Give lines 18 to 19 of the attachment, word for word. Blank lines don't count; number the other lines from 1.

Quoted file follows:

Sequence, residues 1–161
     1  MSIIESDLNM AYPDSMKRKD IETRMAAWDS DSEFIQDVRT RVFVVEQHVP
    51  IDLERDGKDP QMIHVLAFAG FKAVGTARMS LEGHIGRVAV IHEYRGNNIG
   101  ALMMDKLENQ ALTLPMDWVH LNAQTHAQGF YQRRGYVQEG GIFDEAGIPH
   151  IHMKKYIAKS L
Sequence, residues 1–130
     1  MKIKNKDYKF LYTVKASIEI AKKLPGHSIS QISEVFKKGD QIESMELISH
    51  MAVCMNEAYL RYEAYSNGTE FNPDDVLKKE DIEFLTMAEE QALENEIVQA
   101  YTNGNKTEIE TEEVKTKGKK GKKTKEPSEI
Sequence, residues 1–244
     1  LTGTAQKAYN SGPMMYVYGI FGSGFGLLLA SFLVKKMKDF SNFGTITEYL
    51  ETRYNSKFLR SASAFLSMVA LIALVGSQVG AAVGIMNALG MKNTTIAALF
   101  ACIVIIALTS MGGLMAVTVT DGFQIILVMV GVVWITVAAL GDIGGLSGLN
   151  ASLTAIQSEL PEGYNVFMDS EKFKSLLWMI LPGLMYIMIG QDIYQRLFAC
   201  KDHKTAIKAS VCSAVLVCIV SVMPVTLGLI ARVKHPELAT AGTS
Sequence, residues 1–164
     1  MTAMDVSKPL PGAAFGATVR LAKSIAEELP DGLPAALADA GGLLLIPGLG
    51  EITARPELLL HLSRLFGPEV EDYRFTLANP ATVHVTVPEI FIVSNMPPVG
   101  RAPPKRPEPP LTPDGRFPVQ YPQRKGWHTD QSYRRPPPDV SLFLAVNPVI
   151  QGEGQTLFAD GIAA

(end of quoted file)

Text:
    51  EITARPELLL HLSRLFGPEV EDYRFTLANP ATVHVTVPEI FIVSNMPPVG
   101  RAPPKRPEPP LTPDGRFPVQ YPQRKGWHTD QSYRRPPPDV SLFLAVNPVI